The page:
The Performance Prism Framework

Performance measurement lies at the heart of every organisation. Every business or organisation that i know is in business or does whatever it does to achieve one or two objectives. The difficult task comes in deciding what to measure and what not to measure. The most popular framework that has been adopted by many organisations both private and public sector as well as not-for-profit is the Balanced Scorecard.

The Balanced Scorecard framework was initially introduced to help organisations move solely from focusing on only financial metrics to incorporating non-financial metrics when evaluating business performance. With the balanced scorecard, the organisation can focus on four measures of performance i.e. (1) Financial (2) Internal Business Processes (3) Customers (4) Learning and Growth. These four pillars are interconnected and should not be viewed in isolation as the improvement of one leads to the improvement of the other.

For example, if the aim is to increase profit, by looking at the customer metrics, it might be that quality of products or services need to be improved, maybe by implementing new technologies hence a focus on the learning and growth metrics, as employees need to be trained on how to operate certain technologies. When an employee gains the knowledge, processes are improved, the customer is satisfied and this results in loyalty and repeat sales hence increased profits and return on investment.

However, as the business environment has changed and continues to do so, I believe organisations should not use the scorecard in isolation. They should support it with other frameworks like the Performance Prism.

The Performance Prism is a performance measurement framework that also helps in designing performance measures:

1. The framework looks beyond the two stakeholders mentioned in the Balanced scorecard (Shareholders & Customers). It asks the question, “Who are all the business stakeholders that have an interest in our business?”. It also considers suppliers, business partners, regulatory authorities, the government, the society and pressure groups like trade unions. All these stakeholders play an important role on the success of the organisation thus their needs and wants should be clearly identified.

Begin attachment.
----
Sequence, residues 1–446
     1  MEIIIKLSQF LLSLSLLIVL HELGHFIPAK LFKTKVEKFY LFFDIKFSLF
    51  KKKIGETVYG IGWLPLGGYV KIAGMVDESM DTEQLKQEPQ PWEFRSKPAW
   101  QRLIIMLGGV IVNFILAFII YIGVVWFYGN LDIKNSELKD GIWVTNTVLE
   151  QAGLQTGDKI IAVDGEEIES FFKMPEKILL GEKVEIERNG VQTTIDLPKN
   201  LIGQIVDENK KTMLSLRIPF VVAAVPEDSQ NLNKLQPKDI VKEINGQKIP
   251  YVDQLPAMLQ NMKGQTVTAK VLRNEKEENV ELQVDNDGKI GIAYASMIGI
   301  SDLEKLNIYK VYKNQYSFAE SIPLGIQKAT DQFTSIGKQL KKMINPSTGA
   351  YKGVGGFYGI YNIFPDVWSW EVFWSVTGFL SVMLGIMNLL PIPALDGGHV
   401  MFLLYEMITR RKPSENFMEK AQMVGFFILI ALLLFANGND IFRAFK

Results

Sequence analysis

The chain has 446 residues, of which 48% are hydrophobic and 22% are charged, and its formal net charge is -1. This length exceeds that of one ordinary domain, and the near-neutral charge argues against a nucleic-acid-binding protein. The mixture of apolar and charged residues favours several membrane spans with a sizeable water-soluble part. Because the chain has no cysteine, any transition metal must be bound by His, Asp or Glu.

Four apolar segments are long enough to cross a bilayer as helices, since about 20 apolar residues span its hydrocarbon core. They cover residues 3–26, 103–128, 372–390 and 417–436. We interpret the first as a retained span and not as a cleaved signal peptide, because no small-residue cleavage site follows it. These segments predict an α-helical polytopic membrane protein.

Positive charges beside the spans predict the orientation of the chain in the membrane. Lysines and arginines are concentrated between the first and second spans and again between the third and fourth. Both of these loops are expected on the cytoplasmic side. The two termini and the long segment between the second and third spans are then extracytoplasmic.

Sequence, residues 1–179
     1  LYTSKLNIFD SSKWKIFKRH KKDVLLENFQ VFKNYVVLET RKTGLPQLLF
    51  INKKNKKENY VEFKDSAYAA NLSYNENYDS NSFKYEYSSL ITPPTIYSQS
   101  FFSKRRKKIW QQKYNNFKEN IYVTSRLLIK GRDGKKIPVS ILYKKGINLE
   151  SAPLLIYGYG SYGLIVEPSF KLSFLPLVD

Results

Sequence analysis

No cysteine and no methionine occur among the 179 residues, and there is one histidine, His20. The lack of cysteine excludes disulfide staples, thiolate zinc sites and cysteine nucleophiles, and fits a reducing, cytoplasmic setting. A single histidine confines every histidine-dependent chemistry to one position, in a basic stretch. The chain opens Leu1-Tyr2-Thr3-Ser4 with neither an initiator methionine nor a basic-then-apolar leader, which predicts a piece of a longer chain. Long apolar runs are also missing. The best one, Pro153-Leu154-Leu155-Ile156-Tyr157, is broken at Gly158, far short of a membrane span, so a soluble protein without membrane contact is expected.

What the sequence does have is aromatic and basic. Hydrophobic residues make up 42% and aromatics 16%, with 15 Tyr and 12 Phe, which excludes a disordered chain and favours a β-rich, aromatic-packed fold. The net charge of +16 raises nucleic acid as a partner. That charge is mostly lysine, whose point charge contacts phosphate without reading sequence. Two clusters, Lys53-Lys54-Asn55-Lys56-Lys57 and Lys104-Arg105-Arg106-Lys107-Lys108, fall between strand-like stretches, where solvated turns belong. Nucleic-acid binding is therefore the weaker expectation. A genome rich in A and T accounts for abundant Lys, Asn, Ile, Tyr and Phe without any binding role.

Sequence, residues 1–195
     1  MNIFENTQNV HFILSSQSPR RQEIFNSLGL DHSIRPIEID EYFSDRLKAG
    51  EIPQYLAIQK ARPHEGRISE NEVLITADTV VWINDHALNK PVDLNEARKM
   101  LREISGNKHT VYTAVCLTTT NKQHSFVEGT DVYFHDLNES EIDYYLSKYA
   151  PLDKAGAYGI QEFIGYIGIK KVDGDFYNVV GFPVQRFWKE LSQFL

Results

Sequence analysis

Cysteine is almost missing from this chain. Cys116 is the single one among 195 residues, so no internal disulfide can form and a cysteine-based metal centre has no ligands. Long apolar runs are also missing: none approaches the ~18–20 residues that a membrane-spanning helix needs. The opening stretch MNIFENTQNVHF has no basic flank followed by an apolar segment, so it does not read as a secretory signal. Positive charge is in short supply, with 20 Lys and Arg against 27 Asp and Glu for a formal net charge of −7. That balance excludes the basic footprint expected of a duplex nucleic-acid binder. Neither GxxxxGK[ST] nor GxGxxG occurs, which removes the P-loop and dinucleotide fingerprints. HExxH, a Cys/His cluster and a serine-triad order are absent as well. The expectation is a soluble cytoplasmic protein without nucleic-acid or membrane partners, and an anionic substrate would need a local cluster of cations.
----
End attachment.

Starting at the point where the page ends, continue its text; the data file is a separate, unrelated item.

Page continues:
2. The framework helps in formulating and implementing strategies that yield the desired outcomes. For example, having identified the key stakeholders, an organisation can then come up with appropriate strategies that meet those needs and wants.

3. The framework helps to put in place processes that are linked to the strategy. It helps to answer the question ” What processes need to be put in place to allow strategies to be executed?”

4. Having identified the processes required to execute the strategies, the framework also help answer the question, “What are the capabilities required to operate the business process?” i.e. people, practices, technology, resources and other infrastructure. This will aid in making the right decisions when it comes to investments as management know that they are investing in a project or someone who will produce a positive return.

5. The framework recognises the reciprocal relationship between the stakeholder and the organisation. Instead of just focusing on what the stakeholders can get from the organisation, management can also identify what they can benefit from the stakeholders.

For example, through the use of this framework, management can become aware that even though the employee receives a salary, training, recognition etc, in return the organisation receives ideas and suggestions, expertise and loyalty which all help in improving the overall performance and competitive position of the business. This will also help identify appropriate structures that need to be in place to maintain and develop this relationship further.

By combining more than one or two performance management frameworks, management can have their key questions on performance measurement which are not answered by one framework, answered by another framework.

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